DOI:  https://doi.org/10.1074/jbc.RA118.006727
  27. Autophagy. 2019 Feb 20. 1-13
    McWilliams TG, Prescott AR, Villarejo-Zori B, Ball G, Boya P, Ganley IG.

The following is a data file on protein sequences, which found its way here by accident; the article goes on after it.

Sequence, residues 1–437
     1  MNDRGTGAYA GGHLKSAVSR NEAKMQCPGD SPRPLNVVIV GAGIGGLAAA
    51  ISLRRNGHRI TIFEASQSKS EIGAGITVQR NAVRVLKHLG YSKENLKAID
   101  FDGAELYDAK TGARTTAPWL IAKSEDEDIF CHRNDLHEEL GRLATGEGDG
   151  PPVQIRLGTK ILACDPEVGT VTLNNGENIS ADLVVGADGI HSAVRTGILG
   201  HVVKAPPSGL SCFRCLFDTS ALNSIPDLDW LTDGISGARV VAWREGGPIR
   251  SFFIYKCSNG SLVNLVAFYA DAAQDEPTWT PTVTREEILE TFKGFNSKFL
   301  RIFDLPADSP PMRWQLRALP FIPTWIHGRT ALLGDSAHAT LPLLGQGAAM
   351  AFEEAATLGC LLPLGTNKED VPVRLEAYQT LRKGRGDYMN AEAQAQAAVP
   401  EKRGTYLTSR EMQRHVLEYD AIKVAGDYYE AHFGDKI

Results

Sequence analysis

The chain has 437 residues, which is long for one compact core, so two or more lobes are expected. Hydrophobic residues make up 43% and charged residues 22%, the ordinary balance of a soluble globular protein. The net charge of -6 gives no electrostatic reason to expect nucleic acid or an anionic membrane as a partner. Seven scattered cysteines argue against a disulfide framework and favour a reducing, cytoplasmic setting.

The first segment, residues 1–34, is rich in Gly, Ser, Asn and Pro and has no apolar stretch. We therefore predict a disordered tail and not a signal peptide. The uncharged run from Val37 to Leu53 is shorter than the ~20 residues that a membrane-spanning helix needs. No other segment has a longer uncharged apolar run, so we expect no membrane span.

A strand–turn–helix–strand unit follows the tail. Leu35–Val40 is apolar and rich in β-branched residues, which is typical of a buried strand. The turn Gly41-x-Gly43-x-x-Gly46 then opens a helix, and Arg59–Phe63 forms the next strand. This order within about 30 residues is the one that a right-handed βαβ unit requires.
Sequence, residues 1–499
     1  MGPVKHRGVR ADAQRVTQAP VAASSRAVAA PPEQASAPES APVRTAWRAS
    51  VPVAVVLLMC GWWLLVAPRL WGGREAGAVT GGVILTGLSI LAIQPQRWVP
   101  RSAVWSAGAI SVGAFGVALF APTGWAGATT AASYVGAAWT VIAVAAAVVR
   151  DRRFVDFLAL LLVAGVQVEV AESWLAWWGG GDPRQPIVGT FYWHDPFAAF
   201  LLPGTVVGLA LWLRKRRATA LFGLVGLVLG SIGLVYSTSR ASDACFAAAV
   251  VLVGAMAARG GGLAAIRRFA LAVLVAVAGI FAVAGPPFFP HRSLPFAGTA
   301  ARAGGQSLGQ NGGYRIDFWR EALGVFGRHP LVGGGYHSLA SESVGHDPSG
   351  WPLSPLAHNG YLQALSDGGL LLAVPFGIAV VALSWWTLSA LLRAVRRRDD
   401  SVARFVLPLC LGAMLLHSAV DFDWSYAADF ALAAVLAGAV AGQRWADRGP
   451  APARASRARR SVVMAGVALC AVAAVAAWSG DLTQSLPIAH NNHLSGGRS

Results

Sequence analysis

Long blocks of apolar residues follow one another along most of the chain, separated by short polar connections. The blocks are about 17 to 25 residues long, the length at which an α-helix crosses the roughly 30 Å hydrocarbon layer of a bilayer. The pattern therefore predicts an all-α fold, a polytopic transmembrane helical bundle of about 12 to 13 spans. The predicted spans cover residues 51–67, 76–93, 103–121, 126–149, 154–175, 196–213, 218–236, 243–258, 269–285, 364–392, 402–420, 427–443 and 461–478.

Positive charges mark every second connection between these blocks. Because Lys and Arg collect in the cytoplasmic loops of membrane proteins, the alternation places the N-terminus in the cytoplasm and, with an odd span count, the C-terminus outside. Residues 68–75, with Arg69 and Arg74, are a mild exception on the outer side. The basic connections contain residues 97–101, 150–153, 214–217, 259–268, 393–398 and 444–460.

Photoreception is pivotal to our experience and perception of the natural world; hence the eye is of prime importance for most vertebrate animals to sense light. Central to visual health is mitochondrial homeostasis, and the selective autophagic turnover of mitochondria (mitophagy) is predicted to play a key role here. Despite studies that link aberrant mitophagy to ocular dysfunction, little is known about the prevalence of basal mitophagy, or its relationship to general autophagy, in the visual system. In this study, we utilize the mito-QC mouse and a closely related general macroautophagy reporter model to profile basal mitophagy and macroautophagy in the adult and developing eye. We report that ocular macroautophagy is widespread, but surprisingly mitophagy does not always follow the same pattern of occurrence. We observe low levels of mitophagy in the lens and ciliary body, in stark contrast to the high levels of general MAP1LC3-dependent macroautophagy in these regions. We uncover a striking reversal of this process in the adult retina, where mitophagy accounts for a larger degree of the macroautophagy taking place, specifically in the photoreceptor neurons of the outer nuclear layer. We also show the developmental regulation of autophagy in a variety of ocular tissues. In particular, mitophagy in the adult mouse retina is reversed in localization during the latter stages of development. Our work thus defines the landscape of mitochondrial homeostasis in the mammalian eye, and in doing so highlights the selective nature of autophagy in vivo and the specificity of the reporters used. Abbreviations: ATG: autophagy related; GFP: green fluorescent protein; LC3: microtubule associated protein 1 light chain 3; ONH: optic nerve head; ONL: outer nuclear layer; RPE: retinal pigment epithelium.